rebelling against low expectations

How Do We Fight Sin?


Isn’t it aggravating when you take the time to explain your struggles to a friend, asking for guidance, and all they say is, “You’ve got this!” or, “Don’t worry, pray about it!”

You know what I mean. The advice that sounds more like a pre–game pep talk than godly counsel. Sound familiar? I thought so.

We’ve all had experiences like these, and we may even be guilty of being the ones to give this sort of advice.

If you’ve been given this kind of advice before, you know that it never seems to solve your problems. It leaves you just as empty as you were before, if not emptier.

Is there a more effective way to give wise counsel to ourselves, and our friends, about fighting sin?

Yep, there is! And the answer lies in the gospel…

Defining Sin

Before we talk about fighting sin, we must understand what sin is, and what it’s not.

Wayne Grudem, author of Bible Doctrine defines sin as “any failure to conform to the moral law of God in act, attitude, or nature.”

“God’s moral law,” is the Ten Commandments; when we break one of them that is called sin.

Wayne Grudem goes on to explain that “Sin consists not only of individual acts, such as stealing or lying or committing murder, but also in attitudes that are contrary to the attitudes God requires of us.

Not only is it sinful to steal (an action) but it’s just as sinful to covet a friend’s belongings (an attitude).

In The New Testament, the Apostle Paul lists attitudes like jealousy and anger as sin (Gal. 5:20).

It’s important to understand this because we need to realize that sin isn’t just a “behavior”. Sin is much greater than that.

Sin is a result of believing lies about the gospel and acting upon those lies in an unChrist-like manner.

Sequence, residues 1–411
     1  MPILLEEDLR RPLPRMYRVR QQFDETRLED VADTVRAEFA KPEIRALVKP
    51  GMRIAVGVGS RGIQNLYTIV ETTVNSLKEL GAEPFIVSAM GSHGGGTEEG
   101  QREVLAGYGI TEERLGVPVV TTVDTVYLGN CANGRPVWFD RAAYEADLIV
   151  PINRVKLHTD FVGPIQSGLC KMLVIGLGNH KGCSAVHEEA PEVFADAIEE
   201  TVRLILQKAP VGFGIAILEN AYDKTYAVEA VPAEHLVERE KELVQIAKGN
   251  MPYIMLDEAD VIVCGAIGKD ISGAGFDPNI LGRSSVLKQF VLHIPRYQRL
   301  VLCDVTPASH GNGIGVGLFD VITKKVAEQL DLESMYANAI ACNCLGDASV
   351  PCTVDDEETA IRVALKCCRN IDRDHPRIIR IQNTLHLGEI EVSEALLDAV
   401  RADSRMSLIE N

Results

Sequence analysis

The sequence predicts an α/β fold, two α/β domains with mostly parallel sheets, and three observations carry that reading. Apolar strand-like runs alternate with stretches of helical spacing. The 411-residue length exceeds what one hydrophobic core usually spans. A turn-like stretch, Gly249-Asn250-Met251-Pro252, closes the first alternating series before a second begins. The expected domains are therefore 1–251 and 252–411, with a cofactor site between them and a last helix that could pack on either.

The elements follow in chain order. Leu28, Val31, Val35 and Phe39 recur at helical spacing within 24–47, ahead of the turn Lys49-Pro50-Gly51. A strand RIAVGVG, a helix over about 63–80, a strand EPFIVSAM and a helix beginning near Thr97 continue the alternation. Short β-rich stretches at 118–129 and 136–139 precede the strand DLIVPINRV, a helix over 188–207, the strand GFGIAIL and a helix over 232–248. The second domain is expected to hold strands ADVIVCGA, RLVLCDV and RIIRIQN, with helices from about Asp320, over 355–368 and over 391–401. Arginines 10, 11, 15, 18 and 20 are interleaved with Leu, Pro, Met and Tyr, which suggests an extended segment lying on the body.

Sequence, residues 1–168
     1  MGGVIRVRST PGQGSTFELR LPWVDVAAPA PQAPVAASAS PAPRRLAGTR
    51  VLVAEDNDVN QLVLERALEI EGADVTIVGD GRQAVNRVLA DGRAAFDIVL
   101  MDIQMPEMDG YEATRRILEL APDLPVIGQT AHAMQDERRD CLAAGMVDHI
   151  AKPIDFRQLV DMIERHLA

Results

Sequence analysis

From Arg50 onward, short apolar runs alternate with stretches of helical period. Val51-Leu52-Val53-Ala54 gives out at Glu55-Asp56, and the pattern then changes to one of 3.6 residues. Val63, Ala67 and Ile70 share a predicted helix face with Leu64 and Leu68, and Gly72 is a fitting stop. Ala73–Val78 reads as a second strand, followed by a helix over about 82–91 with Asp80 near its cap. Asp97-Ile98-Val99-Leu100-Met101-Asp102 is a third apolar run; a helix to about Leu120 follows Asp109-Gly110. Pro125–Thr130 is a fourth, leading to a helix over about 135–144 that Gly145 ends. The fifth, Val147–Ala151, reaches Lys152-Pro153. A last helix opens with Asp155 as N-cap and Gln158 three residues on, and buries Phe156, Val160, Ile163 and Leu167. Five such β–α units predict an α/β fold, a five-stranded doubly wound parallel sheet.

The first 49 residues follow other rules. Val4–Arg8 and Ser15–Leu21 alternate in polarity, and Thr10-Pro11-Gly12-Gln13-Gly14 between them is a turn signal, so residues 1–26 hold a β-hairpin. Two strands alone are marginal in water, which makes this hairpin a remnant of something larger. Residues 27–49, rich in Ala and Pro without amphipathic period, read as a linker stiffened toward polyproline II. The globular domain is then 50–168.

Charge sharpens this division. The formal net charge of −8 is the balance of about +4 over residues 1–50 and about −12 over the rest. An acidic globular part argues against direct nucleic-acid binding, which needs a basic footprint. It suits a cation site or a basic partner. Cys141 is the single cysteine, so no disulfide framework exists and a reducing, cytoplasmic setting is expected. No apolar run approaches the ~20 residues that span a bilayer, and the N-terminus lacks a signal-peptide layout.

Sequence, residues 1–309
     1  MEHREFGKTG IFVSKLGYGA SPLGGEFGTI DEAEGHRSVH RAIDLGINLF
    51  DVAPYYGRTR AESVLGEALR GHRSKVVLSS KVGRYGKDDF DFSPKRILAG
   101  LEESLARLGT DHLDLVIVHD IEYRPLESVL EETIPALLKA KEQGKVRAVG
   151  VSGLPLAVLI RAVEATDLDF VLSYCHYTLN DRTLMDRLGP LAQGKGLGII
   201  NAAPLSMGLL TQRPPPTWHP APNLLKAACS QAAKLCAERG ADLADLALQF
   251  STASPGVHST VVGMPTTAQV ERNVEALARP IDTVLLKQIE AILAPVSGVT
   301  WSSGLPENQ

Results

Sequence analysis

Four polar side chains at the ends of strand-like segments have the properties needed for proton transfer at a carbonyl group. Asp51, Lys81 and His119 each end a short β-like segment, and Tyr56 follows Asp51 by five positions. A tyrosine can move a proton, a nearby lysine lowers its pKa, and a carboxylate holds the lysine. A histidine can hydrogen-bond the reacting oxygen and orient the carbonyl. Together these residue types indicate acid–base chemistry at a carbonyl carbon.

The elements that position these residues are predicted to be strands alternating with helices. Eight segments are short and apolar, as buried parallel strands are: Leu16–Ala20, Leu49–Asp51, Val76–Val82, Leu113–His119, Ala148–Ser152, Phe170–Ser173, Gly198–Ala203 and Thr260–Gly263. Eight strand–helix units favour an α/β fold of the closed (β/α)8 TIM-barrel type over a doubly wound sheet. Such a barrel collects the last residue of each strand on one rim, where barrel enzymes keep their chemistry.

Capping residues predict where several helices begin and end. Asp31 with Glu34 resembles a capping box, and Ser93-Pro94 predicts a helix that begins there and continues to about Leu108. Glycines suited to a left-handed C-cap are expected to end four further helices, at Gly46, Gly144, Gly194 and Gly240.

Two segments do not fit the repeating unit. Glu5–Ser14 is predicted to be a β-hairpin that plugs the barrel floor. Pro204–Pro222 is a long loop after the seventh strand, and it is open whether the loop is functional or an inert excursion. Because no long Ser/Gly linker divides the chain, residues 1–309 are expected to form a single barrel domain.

It All Starts In Our Mind

Every sin we commit, in action or attitude, at one point or another came from a thought we had.

“I wish I had shoes like she had,” can lead to coveting.

“I could tell Mom I didn’t stay out past ten, even though I did,” could lead to lying.

We cannot control the thoughts that pop into our minds, but we can control how we respond to those thoughts.

If we don’t control them, they will control us, and lead to sour emotions that result in sinful attitudes and actions.

When you realize you’re having a thought that doesn’t bring glory to God, throw it at the feet of Jesus. Ask Him to remove it! Shift your focus to thankfulness and praise to God.

You may be thinking, “what about when the thought has already erupted into an action or attitude? What do I do then?”

I’m glad you asked that question. In order to understand why the fruit of our lives is resulting in sin, we must learn how to fight with the gospel.

Getting To The Root Of The Problem

Think of your sin as a weed in a garden. To get rid of a weed you can’t just cut off a few of its leaves. You have to kill its roots, to kill its fruits.

The same is true of our sin. If we tell ourselves to just stop sinning, or pray that our struggles will magically go away, our sinful weeds will multiply. This is what I like to call “behavior modification,” aka plucking the fruit but not killing the roots.

Like I said earlier, if the fruit of our lives is sin, we are believing lies about God and ourselves that lead to sinful attitudes and actions.